U.S. humanitarian assistance is a vital lifeline for millions of people in need around the world facing drought, food insecurity, conflict, and violence. We place the highest priority on ensuring we and our partners use funds wisely, effectively, and for their intended purpose.
In Ethiopia, USAID has made the decision to resume food assistance to refugee populations after the Ethiopian government and implementing partners made reforms to Ethiopia’s refugee food assistance structure.
The resumption of food assistance to refugees will save lives and alleviate suffering for some of the most vulnerable. Reforms put in place strengthen program monitoring and oversight, reinforce commodity tracking, and improve beneficiary registration processes. In addition, the Ethiopian government has transferred responsibility for dispatch, warehousing, and distribution of refugee food aid to our implementing partners.
USAID previously paused all food assistance in Ethiopia following the identification of a coordinated diversion scheme. While we are resuming assistance for refugee populations, our assistance for other food insecure populations across Ethiopia remains paused until we have assurance it will reach its intended beneficiaries. We continue to work with the Ethiopian government on additional reforms that will help ensure that assistance is provided based on assessed vulnerability and need – consistent with international best practice.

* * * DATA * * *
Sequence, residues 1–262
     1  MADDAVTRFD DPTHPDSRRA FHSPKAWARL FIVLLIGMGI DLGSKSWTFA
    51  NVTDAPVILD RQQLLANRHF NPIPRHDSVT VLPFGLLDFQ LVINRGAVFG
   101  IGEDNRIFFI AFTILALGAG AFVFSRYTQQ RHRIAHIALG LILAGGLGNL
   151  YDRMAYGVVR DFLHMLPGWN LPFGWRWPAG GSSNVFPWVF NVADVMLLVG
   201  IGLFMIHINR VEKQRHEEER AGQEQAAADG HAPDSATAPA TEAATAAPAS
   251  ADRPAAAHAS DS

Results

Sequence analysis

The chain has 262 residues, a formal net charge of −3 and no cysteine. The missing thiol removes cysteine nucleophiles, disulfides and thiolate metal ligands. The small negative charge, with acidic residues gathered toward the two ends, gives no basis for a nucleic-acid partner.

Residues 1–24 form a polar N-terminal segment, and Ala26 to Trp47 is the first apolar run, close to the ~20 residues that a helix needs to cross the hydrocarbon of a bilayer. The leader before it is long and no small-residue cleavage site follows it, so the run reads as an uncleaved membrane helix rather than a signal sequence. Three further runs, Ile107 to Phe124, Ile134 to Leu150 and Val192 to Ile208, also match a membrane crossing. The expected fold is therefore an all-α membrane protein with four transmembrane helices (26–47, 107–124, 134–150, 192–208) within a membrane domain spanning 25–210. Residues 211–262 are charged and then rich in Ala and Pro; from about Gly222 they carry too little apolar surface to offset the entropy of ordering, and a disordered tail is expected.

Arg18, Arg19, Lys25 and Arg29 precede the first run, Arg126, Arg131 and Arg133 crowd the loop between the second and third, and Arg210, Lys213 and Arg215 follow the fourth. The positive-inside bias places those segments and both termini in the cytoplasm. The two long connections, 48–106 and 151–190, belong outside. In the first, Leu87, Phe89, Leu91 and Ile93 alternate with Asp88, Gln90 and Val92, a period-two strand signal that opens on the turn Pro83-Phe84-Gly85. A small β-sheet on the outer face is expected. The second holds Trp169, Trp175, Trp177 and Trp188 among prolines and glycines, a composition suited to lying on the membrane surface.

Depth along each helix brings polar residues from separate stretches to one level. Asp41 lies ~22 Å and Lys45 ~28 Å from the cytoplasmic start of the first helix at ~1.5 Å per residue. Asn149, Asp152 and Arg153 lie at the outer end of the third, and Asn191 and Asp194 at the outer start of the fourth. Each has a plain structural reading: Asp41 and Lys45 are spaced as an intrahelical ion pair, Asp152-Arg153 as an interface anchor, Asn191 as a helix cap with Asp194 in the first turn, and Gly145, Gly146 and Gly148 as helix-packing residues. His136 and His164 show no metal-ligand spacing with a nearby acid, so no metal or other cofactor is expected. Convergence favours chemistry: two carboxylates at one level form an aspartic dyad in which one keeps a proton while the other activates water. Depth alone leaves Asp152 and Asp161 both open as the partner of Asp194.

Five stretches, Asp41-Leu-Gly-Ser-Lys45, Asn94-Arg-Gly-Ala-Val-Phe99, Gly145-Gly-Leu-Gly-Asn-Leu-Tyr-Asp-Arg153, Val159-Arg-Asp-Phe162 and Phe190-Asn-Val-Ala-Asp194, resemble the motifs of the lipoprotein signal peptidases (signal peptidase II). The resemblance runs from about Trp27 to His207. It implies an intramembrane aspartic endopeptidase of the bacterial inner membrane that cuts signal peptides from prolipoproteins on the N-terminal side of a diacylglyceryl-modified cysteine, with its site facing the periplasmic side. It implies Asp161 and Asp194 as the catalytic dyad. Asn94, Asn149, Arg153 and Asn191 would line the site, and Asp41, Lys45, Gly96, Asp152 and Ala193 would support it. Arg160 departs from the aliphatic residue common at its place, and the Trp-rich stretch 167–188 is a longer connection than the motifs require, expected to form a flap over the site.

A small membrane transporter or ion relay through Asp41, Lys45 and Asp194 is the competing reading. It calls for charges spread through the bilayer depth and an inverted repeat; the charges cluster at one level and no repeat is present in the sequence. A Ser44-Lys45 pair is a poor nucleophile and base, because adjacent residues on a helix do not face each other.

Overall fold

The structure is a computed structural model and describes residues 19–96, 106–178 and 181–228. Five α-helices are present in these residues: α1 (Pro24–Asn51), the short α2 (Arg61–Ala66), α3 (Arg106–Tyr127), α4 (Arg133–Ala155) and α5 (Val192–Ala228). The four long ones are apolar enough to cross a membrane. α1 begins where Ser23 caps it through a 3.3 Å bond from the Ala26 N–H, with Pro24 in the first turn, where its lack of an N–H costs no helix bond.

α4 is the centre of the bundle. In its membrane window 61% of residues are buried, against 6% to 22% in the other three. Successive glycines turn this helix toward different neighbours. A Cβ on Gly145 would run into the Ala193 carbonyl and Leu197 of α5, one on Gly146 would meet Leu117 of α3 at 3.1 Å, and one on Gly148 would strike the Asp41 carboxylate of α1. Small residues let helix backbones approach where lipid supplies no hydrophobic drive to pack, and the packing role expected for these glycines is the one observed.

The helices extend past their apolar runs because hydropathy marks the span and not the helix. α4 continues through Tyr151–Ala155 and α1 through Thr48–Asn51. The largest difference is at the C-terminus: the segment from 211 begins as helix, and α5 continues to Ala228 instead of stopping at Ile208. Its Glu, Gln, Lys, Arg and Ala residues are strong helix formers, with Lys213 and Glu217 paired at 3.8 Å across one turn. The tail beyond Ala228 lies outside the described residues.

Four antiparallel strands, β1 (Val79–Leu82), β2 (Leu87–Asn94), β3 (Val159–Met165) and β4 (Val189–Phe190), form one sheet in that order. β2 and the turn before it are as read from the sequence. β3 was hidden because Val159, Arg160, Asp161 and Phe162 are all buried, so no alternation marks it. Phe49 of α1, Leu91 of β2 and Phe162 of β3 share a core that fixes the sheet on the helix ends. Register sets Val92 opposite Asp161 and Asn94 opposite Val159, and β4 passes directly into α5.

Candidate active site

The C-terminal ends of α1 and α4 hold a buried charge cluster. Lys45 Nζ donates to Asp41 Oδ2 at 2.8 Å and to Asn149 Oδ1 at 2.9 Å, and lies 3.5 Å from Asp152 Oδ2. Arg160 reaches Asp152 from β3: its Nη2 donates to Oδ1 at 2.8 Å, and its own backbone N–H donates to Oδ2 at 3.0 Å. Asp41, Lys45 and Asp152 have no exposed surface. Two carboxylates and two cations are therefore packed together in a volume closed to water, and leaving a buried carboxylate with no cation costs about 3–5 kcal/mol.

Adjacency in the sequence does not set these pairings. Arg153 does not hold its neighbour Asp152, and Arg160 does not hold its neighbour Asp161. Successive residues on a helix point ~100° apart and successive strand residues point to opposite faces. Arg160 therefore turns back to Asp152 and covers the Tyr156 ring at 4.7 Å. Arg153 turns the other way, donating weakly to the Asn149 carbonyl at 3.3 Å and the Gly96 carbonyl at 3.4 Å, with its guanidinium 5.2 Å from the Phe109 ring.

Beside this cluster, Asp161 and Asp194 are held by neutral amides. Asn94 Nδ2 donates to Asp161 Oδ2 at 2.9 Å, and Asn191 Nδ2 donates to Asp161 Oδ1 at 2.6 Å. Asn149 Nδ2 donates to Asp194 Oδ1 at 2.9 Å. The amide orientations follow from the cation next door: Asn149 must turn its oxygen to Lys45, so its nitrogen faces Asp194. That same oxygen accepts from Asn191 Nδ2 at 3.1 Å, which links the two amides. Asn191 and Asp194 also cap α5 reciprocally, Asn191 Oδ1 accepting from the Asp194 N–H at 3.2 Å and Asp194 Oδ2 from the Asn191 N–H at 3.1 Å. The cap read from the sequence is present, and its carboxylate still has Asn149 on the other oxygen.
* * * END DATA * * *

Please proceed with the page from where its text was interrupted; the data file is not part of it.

USAID’s priority is to resume food assistance for those in need as soon as possible in all regions, and we stand ready to do so as soon as necessary remaining reforms are implemented. Other forms of ongoing U.S. assistance, including health and nutrition, continued during the food aid pause. The United States stands with the people of Ethiopia.
Diversion of U.S. assistance is unacceptable. USAID is implementing a comprehensive plan to mitigate the risk of diversions around the world. We appointed a new agency coordinator to work with our missions and teams in Washington on the implementation of strengthened oversight initiatives. We also stood up a working group of experts who are reviewing field staffing levels and third-party monitoring work across programs, developing new guidance for staff and partners, creating new training for staff across the globe, and examining additional measures. We are engaging our partners on how we can support their efforts to improve program oversight and accountability. These improved oversight mechanisms will allow us to more quickly identify and address risks of diversion and help ensure food assistance gets to those who need it most.